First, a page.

(2/3) All In One?

I listened to an Art of Manliness podcast, entitled ‘On Grand Strategy’; Now usually I would hold off on audio messages longer than half an hour, but the text description on this particular piece was too good for me to resist.

Brett McKay started it off by stating a line by an ancient Greek poet, Archilochus – “A fox knows many things but a hedgehog knows one important thing”

That right there gave me the intellectual equivalent of a boner. I mean, that sort of simplification amuses me. I identified with the hedgehog, who knew what to know, and I assumed that this was a trait superior in a world full of know-it-alls.

Or, that’s what I thought foxes were. John Lewis Gaddis, the author of On Grand Strategy, clarified that the approach of the fox is more for immediate actions, while the thinking of the hedgehog was critical in long-term plans and decisions. What’s more, Mr. Gaddis elaborates that one is not superior over the other: That there was no master strategy common for any human being to approach, only to know that there are times when it matters to know what to do around you immediately, and there are times when you would need to, say, take a step back and have a look at the bigger picture.

Now I’m going to read that book, but the way I see it, we would do well to go out into the world and take in and address every immediate detail, leaving no stone uncovered. On the other hand, we must never forget to either return to our original point of reference or to go back to our foundations… lest we plateau.

Imagine trees. I believe trees don’t grow quite as tall as their roots grow deep. We’re so focused on progression that we fail to understand that there will be times that it’s not an opportunity but a necessity for us to take a step back to go two steps forward.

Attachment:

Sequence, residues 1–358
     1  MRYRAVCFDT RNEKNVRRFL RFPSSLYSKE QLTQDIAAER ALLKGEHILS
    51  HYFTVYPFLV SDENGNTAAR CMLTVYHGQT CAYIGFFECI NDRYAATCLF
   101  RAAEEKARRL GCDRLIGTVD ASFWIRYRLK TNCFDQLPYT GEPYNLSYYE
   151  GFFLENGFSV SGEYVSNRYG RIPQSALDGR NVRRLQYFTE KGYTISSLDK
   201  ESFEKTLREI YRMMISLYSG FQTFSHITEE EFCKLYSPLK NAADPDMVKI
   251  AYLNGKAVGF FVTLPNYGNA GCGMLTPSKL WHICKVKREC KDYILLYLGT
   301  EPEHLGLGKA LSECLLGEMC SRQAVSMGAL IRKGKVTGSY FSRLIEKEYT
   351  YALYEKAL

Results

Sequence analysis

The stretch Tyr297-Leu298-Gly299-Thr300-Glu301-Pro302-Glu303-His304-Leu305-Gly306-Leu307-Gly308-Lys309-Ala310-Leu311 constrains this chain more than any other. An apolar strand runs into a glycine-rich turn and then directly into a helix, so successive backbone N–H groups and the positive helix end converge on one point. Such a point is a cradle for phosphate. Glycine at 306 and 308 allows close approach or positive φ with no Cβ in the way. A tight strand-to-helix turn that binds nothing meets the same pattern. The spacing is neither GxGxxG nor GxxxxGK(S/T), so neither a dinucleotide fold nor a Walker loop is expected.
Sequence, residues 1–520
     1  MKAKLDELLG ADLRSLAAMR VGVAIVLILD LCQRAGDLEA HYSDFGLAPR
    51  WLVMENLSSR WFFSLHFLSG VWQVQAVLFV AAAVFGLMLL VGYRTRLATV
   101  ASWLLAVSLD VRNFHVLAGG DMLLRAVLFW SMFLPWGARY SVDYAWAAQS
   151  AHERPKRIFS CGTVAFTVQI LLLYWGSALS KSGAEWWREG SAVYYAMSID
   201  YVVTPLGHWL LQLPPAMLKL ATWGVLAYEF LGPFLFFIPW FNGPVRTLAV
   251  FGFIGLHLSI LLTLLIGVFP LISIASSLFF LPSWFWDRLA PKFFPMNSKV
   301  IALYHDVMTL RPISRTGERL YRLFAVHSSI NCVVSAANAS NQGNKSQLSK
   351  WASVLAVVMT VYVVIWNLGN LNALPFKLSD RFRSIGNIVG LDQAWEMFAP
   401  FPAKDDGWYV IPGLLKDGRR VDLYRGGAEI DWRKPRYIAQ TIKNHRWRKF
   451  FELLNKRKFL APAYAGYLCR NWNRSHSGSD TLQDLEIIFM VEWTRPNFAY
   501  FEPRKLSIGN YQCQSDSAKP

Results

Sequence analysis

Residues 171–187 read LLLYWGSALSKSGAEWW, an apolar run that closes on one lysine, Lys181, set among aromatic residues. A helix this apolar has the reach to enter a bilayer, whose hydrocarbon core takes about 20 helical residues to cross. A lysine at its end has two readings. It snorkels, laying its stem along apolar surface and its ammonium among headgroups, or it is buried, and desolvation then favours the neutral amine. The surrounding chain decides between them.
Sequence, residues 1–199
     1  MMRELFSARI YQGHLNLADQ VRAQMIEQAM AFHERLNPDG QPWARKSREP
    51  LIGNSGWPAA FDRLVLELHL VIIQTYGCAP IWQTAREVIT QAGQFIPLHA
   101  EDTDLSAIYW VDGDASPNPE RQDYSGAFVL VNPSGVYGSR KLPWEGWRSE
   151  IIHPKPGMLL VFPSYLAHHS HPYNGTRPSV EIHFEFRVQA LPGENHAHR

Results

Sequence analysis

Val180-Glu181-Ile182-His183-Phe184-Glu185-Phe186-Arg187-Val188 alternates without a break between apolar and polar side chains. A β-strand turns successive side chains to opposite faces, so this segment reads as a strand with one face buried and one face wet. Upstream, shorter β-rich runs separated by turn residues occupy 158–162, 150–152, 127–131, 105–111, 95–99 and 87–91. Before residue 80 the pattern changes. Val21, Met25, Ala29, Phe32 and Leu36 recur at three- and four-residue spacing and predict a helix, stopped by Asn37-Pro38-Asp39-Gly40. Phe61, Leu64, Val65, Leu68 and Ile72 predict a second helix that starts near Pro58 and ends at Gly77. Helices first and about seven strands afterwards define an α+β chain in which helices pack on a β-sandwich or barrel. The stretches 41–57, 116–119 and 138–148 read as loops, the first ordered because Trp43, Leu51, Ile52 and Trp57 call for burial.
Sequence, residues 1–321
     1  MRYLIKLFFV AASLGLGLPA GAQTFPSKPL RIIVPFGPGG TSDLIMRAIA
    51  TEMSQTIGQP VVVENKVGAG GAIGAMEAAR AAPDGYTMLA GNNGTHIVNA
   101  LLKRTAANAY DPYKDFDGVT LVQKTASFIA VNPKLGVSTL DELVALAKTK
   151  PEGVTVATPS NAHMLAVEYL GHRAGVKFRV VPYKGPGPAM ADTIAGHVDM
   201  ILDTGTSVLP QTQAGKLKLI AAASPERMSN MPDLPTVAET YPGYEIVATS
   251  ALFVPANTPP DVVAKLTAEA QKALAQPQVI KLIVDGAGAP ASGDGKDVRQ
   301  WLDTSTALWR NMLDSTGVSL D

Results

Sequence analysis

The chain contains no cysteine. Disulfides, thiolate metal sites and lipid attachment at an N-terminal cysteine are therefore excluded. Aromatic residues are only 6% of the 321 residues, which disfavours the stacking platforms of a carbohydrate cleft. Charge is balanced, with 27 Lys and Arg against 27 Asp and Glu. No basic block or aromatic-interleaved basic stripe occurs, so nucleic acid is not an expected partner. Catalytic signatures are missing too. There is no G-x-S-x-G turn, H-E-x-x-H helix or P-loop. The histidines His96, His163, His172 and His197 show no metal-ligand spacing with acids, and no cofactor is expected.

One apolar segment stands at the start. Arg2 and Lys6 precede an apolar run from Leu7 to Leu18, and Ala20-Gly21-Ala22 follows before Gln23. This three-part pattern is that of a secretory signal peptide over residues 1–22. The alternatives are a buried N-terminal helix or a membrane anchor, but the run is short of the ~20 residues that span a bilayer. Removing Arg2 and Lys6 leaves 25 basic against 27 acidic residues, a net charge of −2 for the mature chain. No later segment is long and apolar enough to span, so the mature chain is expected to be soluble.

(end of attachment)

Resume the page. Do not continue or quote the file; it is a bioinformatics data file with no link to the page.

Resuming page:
Now, imagine that you’re climbing to the top of Mount Everest. Wouldn’t there be more than one base camp? Imagine going back to the start each and every time! Here we see that sometimes, our foundations must move up as we move up.

We can’t progress by focusing solely on immediate battles or having our eyes on the just overall war. No, an effective strategy has to be a mix of both.

This, to my understanding, was the state of religion in the Old Testament. In a nutshell, the people of Israel would go about their own way, observing the Law on a daily basis, doing their business and prospering and/or failing. However, every year, also according to the Law, they would take time to (1) remember how God freed them from the Egyptians, and, more importantly, (2) to offer an unblemished sacrifice to serve as cleansing for their sins. In other words, for most of a given year, they would address immediate needs and details, and during, say, Passover, they would go to the Temple.

Sounded like a good long-distance relationship, right? Well, it looked good on paper (or rather, on stone). However, consider this perspective: the inevitable regression of passion in the people of Israel, as time passed.

The descendants of Abraham, Isaac, and Jacob were just out of Egypt, eyewitnesses to the absolute glory of God made visible through His absolute authority and surgical domination of the gods of Egypt. I could assume that they were quite in awe at the time. Their reaction to this would be the same as any human raving fan – they confidently declared before God that they could do anything He told them to.

So the Law was given, in God’s perfect timing. And I believe if there was ever a time for awe-inspired traditions to be introduced (such as not saying His name, but breathing it out – sound familiar), it was certainly at that time, fresh after the awesome miracles God did.

Flip through the rest of the Old Testament and you can see how given enough time, every man would fail under the perfect holy standards of God. Creations could not be as their Creator in holiness.

The system was perfect as a strategy – a grand strategy, even: Live by the Law daily as foxes, and by the Law remember who gave the Law, like hedgehogs. Only on a long enough timeline, the perfect standards of Law remained perfect, while their striving ruined their reputation, killed their bodies, and, finally, broke their spirit. The awe behind being speechless before God’s glory as it was centuries ago was no more. There was only exhaustion. There was only yet another tradition.

I write and update this now with some sadness. It’s a shame that no matter how much effort we put into our own foundation and progression, either as foxes or hedgehogs, it all comes to nothing.

Of course, I could be wrong.

(to be concluded)

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